Deloitte Highlights Growing Alternative Data Risks


Deloitte recently released a white paper which outlined risks associated with alternative data.   As risks increase and the industry comes under increasing media and regulatory scrutiny, it will be important for alternative data participants to take steps to mitigate the growing concerns.

The white paper, “Alternative data for investment decisions: Today’s innovation could be tomorrow’s requirement”, argues alternative data may carry greater risk than traditional data.  “If the risk control processes at alternative data providers are immature, they may increase extended enterprise risk at IM firms through the incorporation of invalid or noncompliant data—thus, ultimately posing a reputational threat.”  Here are some of the risks outlined in the paper:

  • Data provenance risk: Alternative data users need to determine that that data are procured in accordance with applicable terms and conditions from the source of the data. For example, web harvesting may violate the terms and conditions of use for data on e-commerce sites.  Web harvested data needs to be scrutinized for copyright, intellectual property, confidentiality, terms of use, and other potential issues before use.
  • Accuracy/validity risk: If the alternative data is unique or scarce, it may be difficult to validate its accuracy.
  • Privacy risk: Personally identifiable information (PII) is an important consideration for consumer data. According to Deloitte, it is better to receive data without PII attached than to remove PII upon receipt.  The risk should be actively and continually managed.
  • Material nonpublic information (MNPI) risk: What is material and what is nonpublic are subject to interpretation. Just because data are accessible does not mean they are public information. Likewise, the definition of material is also subject to interpretation with some firms relying on statistical testing to determine thresholds of materiality. In some cases, if an alternative data set is thought to be too predictive of protected information such as quarterly revenue, then some firms are steering clear of the data.

After the SEC levied a $240 million fine in 2011 against AXA Rosenberg for concealing model error, asset managers instituted controls to ensure investment models are performing within the guidelines of their related investment policy statements and in accordance with client disclosures.   As alternative data inputs affect portfolio construction, the impacts on model efficiency need to be monitored.  In addition, alternative data may be incorporated in the model incorrectly, creating irregular or inconsistent trading signals under certain conditions.

Deloitte argues that since alternative data is a relatively new phenomena, fund managers should be aware that regulations and accepted practices governing their use are still in the early stages of maturity.  As such, regulatory attention is likely to increase.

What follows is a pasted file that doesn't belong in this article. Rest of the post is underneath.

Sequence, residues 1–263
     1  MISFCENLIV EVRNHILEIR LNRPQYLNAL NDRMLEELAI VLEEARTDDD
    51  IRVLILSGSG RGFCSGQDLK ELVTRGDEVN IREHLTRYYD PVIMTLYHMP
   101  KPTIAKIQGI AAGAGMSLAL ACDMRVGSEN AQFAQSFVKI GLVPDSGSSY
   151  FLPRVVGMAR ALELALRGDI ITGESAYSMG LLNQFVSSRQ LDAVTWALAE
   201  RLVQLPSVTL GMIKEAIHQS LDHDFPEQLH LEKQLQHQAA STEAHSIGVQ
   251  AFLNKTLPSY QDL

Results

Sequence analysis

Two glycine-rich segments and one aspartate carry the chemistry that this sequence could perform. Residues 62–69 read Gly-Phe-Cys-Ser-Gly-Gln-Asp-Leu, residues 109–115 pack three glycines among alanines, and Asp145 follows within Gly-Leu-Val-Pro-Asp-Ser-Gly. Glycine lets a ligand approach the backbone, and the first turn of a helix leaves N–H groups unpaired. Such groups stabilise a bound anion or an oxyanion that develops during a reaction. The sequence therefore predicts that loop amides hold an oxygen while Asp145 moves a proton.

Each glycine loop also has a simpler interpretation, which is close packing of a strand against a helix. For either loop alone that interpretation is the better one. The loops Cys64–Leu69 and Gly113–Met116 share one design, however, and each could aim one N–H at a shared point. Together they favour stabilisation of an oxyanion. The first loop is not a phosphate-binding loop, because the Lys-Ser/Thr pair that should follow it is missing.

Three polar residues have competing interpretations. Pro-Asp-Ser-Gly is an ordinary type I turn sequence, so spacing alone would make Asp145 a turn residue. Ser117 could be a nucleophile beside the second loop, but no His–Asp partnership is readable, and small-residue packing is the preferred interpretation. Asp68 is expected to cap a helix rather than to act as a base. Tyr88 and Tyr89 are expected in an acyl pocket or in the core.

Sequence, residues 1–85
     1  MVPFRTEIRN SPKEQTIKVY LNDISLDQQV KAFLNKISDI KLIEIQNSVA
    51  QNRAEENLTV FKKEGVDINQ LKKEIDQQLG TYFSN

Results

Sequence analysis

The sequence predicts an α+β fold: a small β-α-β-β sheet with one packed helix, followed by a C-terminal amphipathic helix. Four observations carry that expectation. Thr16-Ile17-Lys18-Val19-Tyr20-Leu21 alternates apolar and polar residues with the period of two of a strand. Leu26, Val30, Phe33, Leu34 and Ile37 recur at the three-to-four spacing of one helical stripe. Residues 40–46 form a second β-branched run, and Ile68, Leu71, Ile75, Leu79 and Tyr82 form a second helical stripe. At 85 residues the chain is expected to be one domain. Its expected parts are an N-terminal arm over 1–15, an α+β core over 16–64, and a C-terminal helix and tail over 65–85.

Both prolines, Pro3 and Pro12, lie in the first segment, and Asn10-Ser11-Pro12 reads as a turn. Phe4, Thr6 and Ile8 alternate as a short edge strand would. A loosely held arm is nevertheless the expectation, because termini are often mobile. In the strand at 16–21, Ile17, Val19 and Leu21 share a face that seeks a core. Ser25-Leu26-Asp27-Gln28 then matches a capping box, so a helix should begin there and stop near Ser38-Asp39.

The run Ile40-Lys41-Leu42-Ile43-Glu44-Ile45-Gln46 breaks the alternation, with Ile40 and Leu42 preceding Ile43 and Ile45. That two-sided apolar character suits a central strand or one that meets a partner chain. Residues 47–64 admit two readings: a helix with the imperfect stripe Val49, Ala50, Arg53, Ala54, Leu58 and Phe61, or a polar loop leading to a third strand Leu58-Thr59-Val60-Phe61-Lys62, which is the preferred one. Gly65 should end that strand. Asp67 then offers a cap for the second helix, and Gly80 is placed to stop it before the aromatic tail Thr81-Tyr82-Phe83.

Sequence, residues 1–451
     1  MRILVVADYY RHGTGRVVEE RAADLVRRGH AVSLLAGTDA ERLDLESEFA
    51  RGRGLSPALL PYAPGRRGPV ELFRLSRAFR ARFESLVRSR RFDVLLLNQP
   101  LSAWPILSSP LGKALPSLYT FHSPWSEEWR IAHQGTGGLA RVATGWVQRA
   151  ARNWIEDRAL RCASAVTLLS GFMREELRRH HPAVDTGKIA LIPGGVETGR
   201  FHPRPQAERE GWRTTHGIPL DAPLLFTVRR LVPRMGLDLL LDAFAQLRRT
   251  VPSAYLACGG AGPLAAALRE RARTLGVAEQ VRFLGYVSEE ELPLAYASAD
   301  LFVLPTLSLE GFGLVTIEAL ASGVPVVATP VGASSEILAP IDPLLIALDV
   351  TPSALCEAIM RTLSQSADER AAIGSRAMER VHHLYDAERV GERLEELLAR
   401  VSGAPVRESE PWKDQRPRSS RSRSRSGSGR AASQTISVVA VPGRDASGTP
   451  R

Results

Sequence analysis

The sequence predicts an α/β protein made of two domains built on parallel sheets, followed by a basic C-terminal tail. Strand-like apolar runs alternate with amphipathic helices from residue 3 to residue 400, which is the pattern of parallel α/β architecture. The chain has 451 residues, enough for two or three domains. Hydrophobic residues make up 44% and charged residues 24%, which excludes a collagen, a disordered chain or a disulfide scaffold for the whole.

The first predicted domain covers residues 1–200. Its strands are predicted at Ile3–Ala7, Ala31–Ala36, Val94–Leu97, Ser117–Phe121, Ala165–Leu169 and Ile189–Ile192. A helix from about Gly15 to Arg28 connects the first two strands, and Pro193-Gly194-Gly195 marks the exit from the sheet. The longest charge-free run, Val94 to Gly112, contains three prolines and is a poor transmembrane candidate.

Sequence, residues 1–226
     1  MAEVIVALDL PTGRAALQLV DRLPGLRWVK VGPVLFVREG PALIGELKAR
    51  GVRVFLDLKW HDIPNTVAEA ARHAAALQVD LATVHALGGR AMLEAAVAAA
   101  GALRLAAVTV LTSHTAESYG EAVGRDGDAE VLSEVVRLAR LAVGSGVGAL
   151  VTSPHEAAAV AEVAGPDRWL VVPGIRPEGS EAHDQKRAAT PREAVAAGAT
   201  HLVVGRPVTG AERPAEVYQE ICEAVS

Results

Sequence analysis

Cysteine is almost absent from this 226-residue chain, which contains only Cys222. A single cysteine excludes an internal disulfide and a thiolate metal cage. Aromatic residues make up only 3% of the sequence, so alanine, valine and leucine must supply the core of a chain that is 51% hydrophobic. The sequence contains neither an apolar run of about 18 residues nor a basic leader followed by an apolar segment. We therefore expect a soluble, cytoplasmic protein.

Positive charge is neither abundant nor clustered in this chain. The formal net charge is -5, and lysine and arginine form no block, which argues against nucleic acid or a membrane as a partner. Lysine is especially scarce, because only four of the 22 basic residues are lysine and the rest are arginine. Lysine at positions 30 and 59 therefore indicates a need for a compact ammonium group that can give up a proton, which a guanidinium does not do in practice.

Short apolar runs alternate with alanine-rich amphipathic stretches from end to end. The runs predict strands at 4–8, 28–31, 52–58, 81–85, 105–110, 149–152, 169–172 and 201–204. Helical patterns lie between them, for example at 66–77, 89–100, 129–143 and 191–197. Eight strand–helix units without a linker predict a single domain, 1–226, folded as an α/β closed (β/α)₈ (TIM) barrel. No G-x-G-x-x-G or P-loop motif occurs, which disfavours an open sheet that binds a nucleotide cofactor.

Deloitte cites an investigation by The Consumer Financial Protection Bureau (CFPB) into the use of alternative data in the generation of credit scores, as an early example of regulatory scrutiny of alternative data.  The CFPB issued a request for comment on the use of alternative data and modeling techniques in the credit process in February 2017 and closed the comment period in May, 2017.  It has not yet issued any draft regulation.

Alternative data is different enough from traditional data that asset managers should consider modifying investor disclosures about investment policy and processes.

Our Take

As use of alternative data grows and the number of alternative data sources multiply, associated compliance risks will also increase. There is growing regulatory interest in alternative data, with some experts expecting prosecutors to bring cases.  Media scrutiny is also increasing, with growing concerns about privacy violations, copyright infringements and whether alternative data creates an unlevel playing field for retail investors.

We believe that alternative data is at a place analogous to that of expert networks a decade ago.  Like alternative data, expert networks gained increasing adoption by asset managers, particularly hedge funds and there was a dramatic increase in the number and variety of expert networks.  Abuses by some expert networks led to a series of insider trading investigations which severely impacted the industry, causing many expert networks to exit the business.  Nevertheless, by developing consistent compliance practices across the industry, the more compliant expert networks survived, and are now once again on a strong trajectory of growth.

We believe that the time is fast approaching when the alternative data industry, including buy-side consumers, sell-side users, vendors and those that originate alternative data, will need to take proactive steps to inoculate the industry from adverse media and regulatory scrutiny.  Deloitte’s white paper is a timely reminder of some of the risks that need to be addressed.


About Author

Sandy Bragg is a principal at Integrity Research Associates. He has over thirty years experience as an investment research professional. Prior to joining Integrity in 2006, he was an Executive Managing Director at Standard & Poors, managing S&P’s equity research business and fund information properties. Sandy has an MBA from New York University and BA from Williams College. Email:

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